Where to eat The Dasheene Restaurant at Ladera serves an eclectic combination of local produce and fish under the direction of Chef Peter Birkweiser, former owner of one of Toronto’s best restaurants. Telephone (809) 459-7850. The Hummingbird, on the water, is a yachtsmen’s favorite. Excellent island cuisine in a comfortable setting. Telephone (809) 459-7232. The Anse Chastenet Beach Bar is a congenial lunch spot. Dinner is creole and seafood. Telephone (809) 459-7000, extension 134. For local color, the Still claims to be St. Lucia’s foremost restaurant and bar. Family-style cuisine in large dining rooms. Telephone (809) 459-7224.

Getting around While taxi rates are set, it’s always best to verify the cost in advance. Rental cars are available. A local driving permit (available at the airport for about $11 U.S. with a U.S. license) is required, and driving is on the left.

Documents Passports are not required by U.S. citizens who possess valid return tickets and who are on a visit not exceeding six months.

Currency The official currency of Grenada is the Eastern Caribbean dollar. U.S. dollars are often accepted. Money can be exchanged at most hotels, though a better rate is usually available at banks.

Clothes Casual is the word on St. Lucia. Jackets and ties are usually not required of men. For women, a simple skirt or dress will suffice for dinner at better hotels.

Hiking the rain forest St. Lucia Representative Services, tel. (809) 452-9676, offers 1 hour walks including lunch and pickup and return to hotels. The cost is $35 U.S. Do-it-yourselfers can try the rigorous hike from one side of St. Lucia to the other. Guides are required and can be supplied by the Forestry Division. Telephone (809) 450-2231.

For further information Contact the St. Lucia Tourist Board at 820 Second Avenue, New York, NY 10017. Telephone (212) 867-2950; fax (212) 370-7867. In St. Lucia, P.O. Box 221, Castries. Telephone (809) 452-4094 or 5968. Fax (809) 453-1121.

This sidebar appeared with the story:

ST. LUCIA

Where to stay Ladera Resort, perched 1,000 feet above sea level between the Pitons, is small and sophisticated. All 7 villas and 9 suites are open to breathtaking views. Suites are one bedroom; each villa has 3 bedrooms, two full baths, and either a private pool or garden. Call (800) 841-4145 for information and reservations. Anse Chastenet is set on a dramatic hillside overlooking a marine park and some of the best snorkeling in St. Lucia. (800) 223-1108 for reservations. Jalousie Plantation consists of 115 elegant cottages and junior suites terraced into the slopes at the base of the Pitons. One price includes all meals, drinks, sports activities, spa program, airport transfers, etc. Call (800) 392-2007 or (809) 459-7666.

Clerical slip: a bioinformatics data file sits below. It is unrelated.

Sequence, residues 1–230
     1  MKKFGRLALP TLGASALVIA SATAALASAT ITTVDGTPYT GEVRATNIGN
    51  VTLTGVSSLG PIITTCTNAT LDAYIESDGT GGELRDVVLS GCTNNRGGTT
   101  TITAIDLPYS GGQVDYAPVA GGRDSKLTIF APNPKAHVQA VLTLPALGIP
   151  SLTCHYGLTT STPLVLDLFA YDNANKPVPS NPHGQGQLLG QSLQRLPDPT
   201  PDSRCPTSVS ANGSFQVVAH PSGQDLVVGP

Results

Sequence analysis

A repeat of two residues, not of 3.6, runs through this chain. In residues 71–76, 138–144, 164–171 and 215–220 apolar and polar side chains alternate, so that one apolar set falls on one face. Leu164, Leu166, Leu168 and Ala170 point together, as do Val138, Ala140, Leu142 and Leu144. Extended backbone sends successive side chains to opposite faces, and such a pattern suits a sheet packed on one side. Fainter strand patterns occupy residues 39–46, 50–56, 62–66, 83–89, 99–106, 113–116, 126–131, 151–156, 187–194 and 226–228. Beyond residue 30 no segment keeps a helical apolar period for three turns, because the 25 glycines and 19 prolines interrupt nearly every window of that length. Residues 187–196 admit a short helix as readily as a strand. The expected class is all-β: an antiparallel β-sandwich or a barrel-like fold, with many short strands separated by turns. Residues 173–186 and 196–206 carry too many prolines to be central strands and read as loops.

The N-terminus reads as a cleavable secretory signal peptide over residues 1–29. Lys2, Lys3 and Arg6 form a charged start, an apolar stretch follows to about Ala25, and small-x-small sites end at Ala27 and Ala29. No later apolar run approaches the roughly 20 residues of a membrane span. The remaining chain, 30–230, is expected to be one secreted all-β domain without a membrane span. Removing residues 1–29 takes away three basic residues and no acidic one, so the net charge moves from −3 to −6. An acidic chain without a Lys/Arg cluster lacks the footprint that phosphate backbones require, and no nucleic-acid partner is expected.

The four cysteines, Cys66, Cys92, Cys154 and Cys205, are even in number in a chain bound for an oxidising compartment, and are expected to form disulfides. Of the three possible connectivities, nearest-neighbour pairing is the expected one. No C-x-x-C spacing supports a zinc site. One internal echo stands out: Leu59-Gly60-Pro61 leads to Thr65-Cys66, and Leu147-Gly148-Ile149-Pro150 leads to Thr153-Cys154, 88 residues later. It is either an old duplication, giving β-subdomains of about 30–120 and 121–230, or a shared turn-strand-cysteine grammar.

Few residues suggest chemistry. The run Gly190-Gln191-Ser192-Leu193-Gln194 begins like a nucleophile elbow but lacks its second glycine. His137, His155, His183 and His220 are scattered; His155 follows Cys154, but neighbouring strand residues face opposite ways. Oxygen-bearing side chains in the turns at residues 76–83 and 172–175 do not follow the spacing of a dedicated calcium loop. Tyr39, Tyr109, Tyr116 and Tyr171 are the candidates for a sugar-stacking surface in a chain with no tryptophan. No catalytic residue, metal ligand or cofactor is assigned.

Where to eat The Dasheene Restaurant at Ladera serves an eclectic combination of local produce and fish under the direction of Chef Peter Birkweiser, former owner of one of Toronto’s best restaurants. Telephone (809) 459-7850. The Hummingbird, on the water, is a yachtsmen’s favorite. Excellent island cuisine in a comfortable setting. Telephone (809) 459-7232. The Anse Chastenet Beach Bar is a congenial lunch spot. Dinner is creole and seafood. Telephone (809) 459-7000, extension 134. For local color, the Still claims to be St. Lucia’s foremost restaurant and bar. Family-style cuisine in large dining rooms. Telephone (809) 459-7224.

Getting around While taxi rates are set, it’s always best to verify the cost in advance. Rental cars are available. A local driving permit (available at the airport for about $11 U.S. with a U.S. license) is required, and driving is on the left.

Documents Passports are not required by U.S. citizens who possess valid return tickets and who are on a visit not exceeding six months.

Currency The official currency of Grenada is the Eastern Caribbean dollar. U.S. dollars are often accepted. Money can be exchanged at most hotels, though a better rate is usually available at banks.

Clothes Casual is the word on St. Lucia. Jackets and ties are usually not required of men. For women, a simple skirt or dress will suffice for dinner at better hotels.

Hiking the rain forest St. Lucia Representative Services, tel. (809) 452-9676, offers 1 hour walks including lunch and pickup and return to hotels. The cost is $35 U.S. Do-it-yourselfers can try the rigorous hike from one side of St. Lucia to the other. Guides are required and can be supplied by the Forestry Division. Telephone (809) 450-2231.

For further information Contact the St. Lucia Tourist Board at 820 Second Avenue, New York, NY 10017. Telephone (212) 867-2950; fax (212) 370-7867. In St. Lucia, P.O. Box 221, Castries. Telephone (809) 452-4094 or 5968. Fax (809) 453-1121.